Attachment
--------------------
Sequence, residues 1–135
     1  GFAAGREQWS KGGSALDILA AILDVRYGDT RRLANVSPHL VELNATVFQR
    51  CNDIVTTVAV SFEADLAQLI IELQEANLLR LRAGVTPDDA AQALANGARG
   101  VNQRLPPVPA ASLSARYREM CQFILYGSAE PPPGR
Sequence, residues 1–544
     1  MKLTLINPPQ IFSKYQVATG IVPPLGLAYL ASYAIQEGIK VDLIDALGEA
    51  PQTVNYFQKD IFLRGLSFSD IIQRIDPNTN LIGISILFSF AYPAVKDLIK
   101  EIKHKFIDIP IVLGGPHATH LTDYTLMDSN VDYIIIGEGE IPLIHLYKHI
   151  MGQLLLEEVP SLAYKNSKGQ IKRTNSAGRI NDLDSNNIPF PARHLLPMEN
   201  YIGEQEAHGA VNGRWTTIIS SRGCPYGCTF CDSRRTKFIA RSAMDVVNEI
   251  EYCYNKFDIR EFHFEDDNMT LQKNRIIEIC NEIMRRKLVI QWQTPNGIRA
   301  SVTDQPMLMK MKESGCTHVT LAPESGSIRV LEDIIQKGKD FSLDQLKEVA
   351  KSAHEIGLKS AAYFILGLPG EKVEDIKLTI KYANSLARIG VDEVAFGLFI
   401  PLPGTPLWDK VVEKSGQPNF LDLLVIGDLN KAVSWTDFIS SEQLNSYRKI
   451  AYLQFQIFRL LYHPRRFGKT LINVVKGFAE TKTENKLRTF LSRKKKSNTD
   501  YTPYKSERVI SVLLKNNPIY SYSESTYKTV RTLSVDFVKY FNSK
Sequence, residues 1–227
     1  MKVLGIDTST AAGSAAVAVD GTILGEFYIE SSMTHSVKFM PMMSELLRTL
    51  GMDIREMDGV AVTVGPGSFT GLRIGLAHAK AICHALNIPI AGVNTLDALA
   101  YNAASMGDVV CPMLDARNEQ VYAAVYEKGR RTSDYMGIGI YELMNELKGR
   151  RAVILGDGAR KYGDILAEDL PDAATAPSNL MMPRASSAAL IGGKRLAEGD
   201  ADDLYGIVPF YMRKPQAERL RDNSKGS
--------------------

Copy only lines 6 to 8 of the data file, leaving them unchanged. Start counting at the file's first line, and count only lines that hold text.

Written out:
     1  MKLTLINPPQ IFSKYQVATG IVPPLGLAYL ASYAIQEGIK VDLIDALGEA
    51  PQTVNYFQKD IFLRGLSFSD IIQRIDPNTN LIGISILFSF AYPAVKDLIK
   101  EIKHKFIDIP IVLGGPHATH LTDYTLMDSN VDYIIIGEGE IPLIHLYKHI